Later On

A blog written for those whose interests more or less match mine.

Archive for November 18th, 2022

Kalettes in a salad

leave a comment »

Salad makings including yellow and orange sweet peppers, scallions baby bok choy, cooked purple potato, raw beet, red cabbage, and kalettess

Pictured above are the raw materials of the salad. Clockwise, starting at lower left corner:

• Several kalettes (what the store called them: infant kale)
• 2 sweet-tooth peppers: 1 yellow, 1 orange
• 1 yellow bell pepper
• 6 thick scallions
• beaker for the dressing (see below)
• red cabbage (I used just one thick slice, shredded)
• Stokes Purple® potato (cooked, from the fridge)
* 3 baby bok choy of a size the store calls “mue” — Infant bok choy
• 2 yellow cayenne peppers
• 1 red beet, raw (which I grated)

Also in the salad but not shown:

• 1/3 cup navy beans from the fridge
• 1/3 cup unpolished little millet from the fridge
• 2 tablespoons roasted unsalted pumpkin seed 

The dressing was made by loading the immersion blender beaker with:

• 1 lemon, peeled
• 2 cloves Russian red garlic, sliced to make blending easier
• 1″ very fresh ginger root, ditto
• about 2 teaspoons dried marjoram
• about 1.5 tablespoons extra-virgin olive oil
• 2 teaspoons Dijon honey-balsamic mustard
• dash of tamari
• dash of Frank’s RedHot Xtra Hot sauce
• about 2 teaspoons toasted sesame oil
• about 1.5 tablespoons chipotle aioli

I cooked the baby bok choy mue: sliced it in half, placed flat-side down in a nonstick skillet sprayed with olive oil, added a little water, covered, and cooked on medium heat for about 5 minutes. 

I like to refrigerate grains, beans, and potatoes after I cook them before I eat or use them in a dish I’m cooking. Refrigerating after cooking makes the starch resistant and not so quickly digested.

Purple potatoes are particularly nutritious.

NY Times quiz I recently blogged said that kale and beets are best eaten raw. Okay.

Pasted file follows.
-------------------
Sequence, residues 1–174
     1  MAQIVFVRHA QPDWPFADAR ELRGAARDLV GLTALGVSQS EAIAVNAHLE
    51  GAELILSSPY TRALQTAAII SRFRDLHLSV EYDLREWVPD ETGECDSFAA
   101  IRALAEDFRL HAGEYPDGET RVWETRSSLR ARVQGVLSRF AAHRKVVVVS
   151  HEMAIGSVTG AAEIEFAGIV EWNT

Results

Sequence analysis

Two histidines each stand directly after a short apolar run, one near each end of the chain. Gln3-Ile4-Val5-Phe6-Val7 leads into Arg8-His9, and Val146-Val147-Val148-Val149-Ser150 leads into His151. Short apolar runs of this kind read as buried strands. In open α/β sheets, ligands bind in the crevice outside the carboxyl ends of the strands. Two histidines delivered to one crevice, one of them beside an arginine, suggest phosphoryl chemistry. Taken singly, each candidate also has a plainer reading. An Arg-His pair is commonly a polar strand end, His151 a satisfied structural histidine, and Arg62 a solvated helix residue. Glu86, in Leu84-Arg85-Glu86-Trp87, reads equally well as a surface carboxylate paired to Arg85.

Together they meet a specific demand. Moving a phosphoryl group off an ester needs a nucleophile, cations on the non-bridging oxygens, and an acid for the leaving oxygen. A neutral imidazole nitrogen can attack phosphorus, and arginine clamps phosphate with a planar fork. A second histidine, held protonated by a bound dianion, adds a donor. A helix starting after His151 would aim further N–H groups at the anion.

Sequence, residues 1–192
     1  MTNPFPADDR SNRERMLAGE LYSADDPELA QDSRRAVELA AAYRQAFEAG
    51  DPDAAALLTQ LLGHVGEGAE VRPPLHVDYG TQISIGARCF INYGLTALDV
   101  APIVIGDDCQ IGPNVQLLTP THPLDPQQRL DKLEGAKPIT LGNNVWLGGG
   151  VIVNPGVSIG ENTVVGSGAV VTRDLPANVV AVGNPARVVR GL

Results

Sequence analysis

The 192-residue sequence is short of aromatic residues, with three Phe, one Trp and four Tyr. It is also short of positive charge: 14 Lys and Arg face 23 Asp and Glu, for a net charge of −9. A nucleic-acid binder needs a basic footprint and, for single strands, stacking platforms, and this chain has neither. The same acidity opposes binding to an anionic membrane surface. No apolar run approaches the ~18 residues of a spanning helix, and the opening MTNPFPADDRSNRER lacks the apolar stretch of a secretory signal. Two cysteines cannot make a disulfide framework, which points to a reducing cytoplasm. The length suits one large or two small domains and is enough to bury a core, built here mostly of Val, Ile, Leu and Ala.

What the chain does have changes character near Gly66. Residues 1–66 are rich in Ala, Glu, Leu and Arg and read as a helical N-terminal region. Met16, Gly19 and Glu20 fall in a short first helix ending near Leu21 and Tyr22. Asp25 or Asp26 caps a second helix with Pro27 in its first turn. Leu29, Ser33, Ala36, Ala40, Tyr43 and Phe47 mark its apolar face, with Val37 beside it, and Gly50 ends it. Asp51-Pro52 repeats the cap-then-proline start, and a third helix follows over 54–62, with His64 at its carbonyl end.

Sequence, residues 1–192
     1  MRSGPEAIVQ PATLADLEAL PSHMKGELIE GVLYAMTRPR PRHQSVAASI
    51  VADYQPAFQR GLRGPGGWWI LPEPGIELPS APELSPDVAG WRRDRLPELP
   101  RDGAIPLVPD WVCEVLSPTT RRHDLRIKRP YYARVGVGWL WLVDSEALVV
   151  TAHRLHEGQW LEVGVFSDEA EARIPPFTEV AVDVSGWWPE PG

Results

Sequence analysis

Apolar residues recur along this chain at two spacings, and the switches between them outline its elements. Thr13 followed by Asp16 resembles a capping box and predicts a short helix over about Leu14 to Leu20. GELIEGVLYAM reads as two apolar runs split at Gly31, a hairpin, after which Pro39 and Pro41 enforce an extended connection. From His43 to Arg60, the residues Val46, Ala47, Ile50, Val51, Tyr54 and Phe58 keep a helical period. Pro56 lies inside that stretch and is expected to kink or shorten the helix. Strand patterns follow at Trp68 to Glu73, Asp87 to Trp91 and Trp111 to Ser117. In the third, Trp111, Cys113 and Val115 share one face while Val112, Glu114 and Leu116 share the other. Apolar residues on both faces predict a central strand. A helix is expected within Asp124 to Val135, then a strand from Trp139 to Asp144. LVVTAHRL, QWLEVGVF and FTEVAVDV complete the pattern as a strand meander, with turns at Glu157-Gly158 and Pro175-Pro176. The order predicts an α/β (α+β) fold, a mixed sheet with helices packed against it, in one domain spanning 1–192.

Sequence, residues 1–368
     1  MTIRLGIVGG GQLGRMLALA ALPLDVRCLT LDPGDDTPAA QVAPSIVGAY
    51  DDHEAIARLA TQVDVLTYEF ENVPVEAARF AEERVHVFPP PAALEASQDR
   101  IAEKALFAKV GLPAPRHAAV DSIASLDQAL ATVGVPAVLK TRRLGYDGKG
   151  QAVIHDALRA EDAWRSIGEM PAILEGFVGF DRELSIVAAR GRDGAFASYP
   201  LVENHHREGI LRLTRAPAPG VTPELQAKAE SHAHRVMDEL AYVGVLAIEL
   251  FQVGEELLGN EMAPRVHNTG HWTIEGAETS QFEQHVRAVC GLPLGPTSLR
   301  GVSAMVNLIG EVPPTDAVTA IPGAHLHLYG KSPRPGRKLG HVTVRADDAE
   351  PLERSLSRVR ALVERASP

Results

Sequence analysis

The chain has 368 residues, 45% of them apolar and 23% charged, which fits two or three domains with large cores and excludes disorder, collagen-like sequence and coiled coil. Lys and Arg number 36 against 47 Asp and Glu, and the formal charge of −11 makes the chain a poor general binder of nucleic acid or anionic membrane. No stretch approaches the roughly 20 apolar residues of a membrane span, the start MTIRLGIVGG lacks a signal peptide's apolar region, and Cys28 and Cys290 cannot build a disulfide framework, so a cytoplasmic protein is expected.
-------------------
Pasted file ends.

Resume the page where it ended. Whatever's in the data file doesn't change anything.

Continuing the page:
As with other cruciferous vegetables — like cauliflower, broccoli, brussels sprouts and cabbage — kale is loaded with compounds called glucosinolates. When you chop or chew kale, an enzyme is released that converts glucosinolates to new compounds called isothiocyanates, which can trigger anti-inflammatory, antioxidant and anticancer pathways in the body, Dr. Ho said. Heat from cooking, however, destroys those enzymes, preventing that reaction and making isothiocyanates less available.

Kale also supplies plenty of vitamin C and antioxidants, which are similarly degraded by cooking. One 2018 study also found that various cooking methods like boiling, steaming, microwaving and pressure cooking reduced levels of potassium, magnesium, calcium, iron, zinc and copper.

There are a couple of workarounds to the enzyme-destruction problem. One is to cut up the cruciferous vegetable and let it rest for 45 minutes to let the enzyme complete its job before cooking the vegetable. Once the reaction is complete, the beneficial compounds are heat-stable.

The other workaround is to go ahead and cook the vegetable, and then at the table add some uncooked cruciferous thing that still has the enzyme active — for example, a little dry mustard powder; or possibly some shredded raw cabbage (as in slaw). Those will provide the still-active enzyme needed for the reaction. 


Beets are rich in dietary nitrates, Dr. Michels said, nitrogen-based compounds that have been linked to a range of health benefits, including lower blood pressure. Beets also contain betalains — pigment compounds that give beets their signature deep hue and that have antioxidant, anticancer, anti-inflammatory and liver protective properties — as well as flavonoids.

But you won’t get as many of these benefits if the beets are overcooked, Dr. Michels said — especially if they are boiled. Studies suggest that boiling can reduce the levels of vitamin C, folateflavonoids and betalains.

I ended up with a lot of salad — enough more another meal or two. So the leftover will got into glass storage containers.

Written by Leisureguy

18 November 2022 at 4:09 pm

Late start but a great shave

leave a comment »

D.R. Harris shaving soap is first-rate, and that WSP Prince silvertip is not too shabby, either. It’s a firm brush that brought forth upon this continent a great lather. The razor, the SR-71 slant by The Holy Black, is a straightforward Merkur 37 clone with a hefty handle. Three passes cleared the stubble and a splash of Arlington aftershave finished the job. Arlington has a fresh fragrance with a little citrus.

The tea this morning is Murchie’s CBC Radio Blend: “A blend of choice Ceylon and China black teas, Jasmine and other green teas with a touch of citrus.”

Written by Leisureguy

18 November 2022 at 11:45 am

Posted in Caffeine, Shaving

%d bloggers like this: